thomas m wilson

The Story of Perth

March 2nd, 2009

The sketch by Richard Ffarington was done along the edge of the Swan River in the 1840s (from Ffarington’s Folio: South West Australia 1843-1847, Art Gallery of Western Australia, 1986, p.26).  It is a very rare glimpse into what Perth has meant for humans for the vast majority of the time humans have been here.

It is wrong of one nation to go and claim a part of another nation as as part of their country.  Yet that is what the British did where I live in south-west Australia around a hundred and thirty years ago.

Langoulant, 1978.

Early white settlers in Perth dismantled fishing traps and weirs of the Aboriginals, shot their dogs, and took their most valuable hunting pastures.  They then flew the Union flag on the land, and told themselves that ‘the natives’ were a lower race of humans than ‘civilized’ members of the British Empire like themselves (‘civilized’ fellows were of course quite civilized enough to die from scurvy rather than eat nearby quandongs).  It all reminds one of the arrogance and madness of tiny troops of Spanish men clambering through South American jungles in the 1500s and proclaiming ‘all this’, as they surveyed another grand vista of beautiful, green forest canopies, as belonging to the Spanish crown.

The banks of the Swan are full of interesting plants like balgas, or grass trees.

The shapes of this country are many oceans of difference away from the hedges and oaks of English fields…

When Captain James Stirling was exploring the Swan River in 1827 he didn’t have an SLR hanging over his shoulder, but he did have a professional artist with him:  Frederick Garling.  This is Garling’s version of what the banks of the Swan looked like as Stirling and the men explored up it.  Here are the men rocking in their hammocks in the warm night’s air in a clearing, one that was probably used by Aboriginals as a campsite:

In 2009 the banks of the Swan look quite different.  Now people who can’t tell the difference between a tuart and a jarrah bed down for the night in surburban monstrosities that have erased the character of the Australian earth.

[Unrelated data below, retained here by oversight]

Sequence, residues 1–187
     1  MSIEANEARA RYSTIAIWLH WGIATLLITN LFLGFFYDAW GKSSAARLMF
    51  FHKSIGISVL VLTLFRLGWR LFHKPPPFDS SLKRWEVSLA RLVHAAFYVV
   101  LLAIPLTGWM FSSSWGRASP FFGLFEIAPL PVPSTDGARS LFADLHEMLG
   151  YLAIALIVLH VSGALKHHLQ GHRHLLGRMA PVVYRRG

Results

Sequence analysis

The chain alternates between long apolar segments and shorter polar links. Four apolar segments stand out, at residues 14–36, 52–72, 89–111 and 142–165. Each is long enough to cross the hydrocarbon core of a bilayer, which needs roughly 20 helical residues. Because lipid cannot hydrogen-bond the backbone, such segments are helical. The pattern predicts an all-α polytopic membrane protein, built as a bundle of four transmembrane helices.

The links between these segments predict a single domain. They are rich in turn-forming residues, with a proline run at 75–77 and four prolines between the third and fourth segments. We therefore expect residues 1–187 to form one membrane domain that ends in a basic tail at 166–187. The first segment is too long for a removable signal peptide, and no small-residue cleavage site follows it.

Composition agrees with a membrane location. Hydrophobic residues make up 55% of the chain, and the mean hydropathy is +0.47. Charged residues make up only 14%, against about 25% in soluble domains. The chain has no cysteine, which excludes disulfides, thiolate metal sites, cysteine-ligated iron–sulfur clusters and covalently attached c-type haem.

Ah… the green Sahara of the lawn.  The Perth metropolitan area has plenty of facilities for automobiles and demented suburban hubris, but not quite so many for ecological-niche dependant biodiversity.  As Irene Cunningham says, in Perth ‘green lawns and football are seen as more important than saving the land’ (The Land of Flowers, 2005, p.34).

Jarrah trees of immense size were once common around Perth (full of nesting holes for Twenty Eight Parrots and other local life).  This photo is of a Yanchep road scene from 1935:

Most of the big old patriarchs like this one were cut down for timber.  Although there are a couple of exceptions like Bold Park and King’s Park, you could basically summarise the environmental history of Perth by singing along with Joni Mitchell: ‘They paved paradise and put up a parking lot’.

Many people in Perth have gotten rich through investing in the mining of their state.  Many flaunt their material status symbols.  These same people might heed the words of Clive James from his recent ‘Point of View’ broadcast on the BBC (2 Jan, 2009):

‘Getting rich for its own sake looks as stupid as body building does at that point when the neck gets thicker than the head, and the thighs and biceps look like four plastic kit bags full of tofu.’

The Perth metropolitan area keeps growing outwards, knocking down the tiny patches of banksia woodland we have left on the Swan Coastal Plain. Today central Perth is an unremarkable, steel and concrete central business district with a non-residential core, surrounded by sprawling, car and fossil-fuel dependent suburbs.  But Perth wasn’t always this ugly or badly designed. Perth was a small town from the 1830s till the gold rush of the 1880s and 1890s turned it into a small city.  It was up until the 1940s that it had two and three story Victorian architecture lining long streets like St. Georges Terrace and Hay St.  This was the city of English values 13 thousand kms from England that my grandmother was a young woman in.  It looks much as the West End of nearby Fremantle looks today, except that it has lovely little trams rolling up and down the street.

It is fascinating to think that for my grandmother this was her experience of Perth as a young woman: genteel Victorian stone facades, expansive balconies, trams, bowler hats, bicycles, and generally a quite pretty little city situated on the banks of a healthy Swan river full of prawns and crabs and fish.  The ugly concrete high-rise buildings appeared in the 1950s and then really came into the streetscape in the 1960s and 1970s.  Busy roads and freeways crisscrossed the Esplanade between the city and the river and you could no longer stroll down to the river’s edge after alighting from a tram.  The old Perth went under.

Today in 2009 Perth is not a beautiful city in my eyes.  However the land abides where it hasn’t been skinned by chronically industrious wajelas or white fellas.  Even in the middle of the city, as Wendell Berry writes in his poem ‘In a Country Once Forested’, ‘under the pavement the soil is dreaming of grass’.  Let me rephrase that:  in Perth, under the pavement the soil is dreaming of grass trees.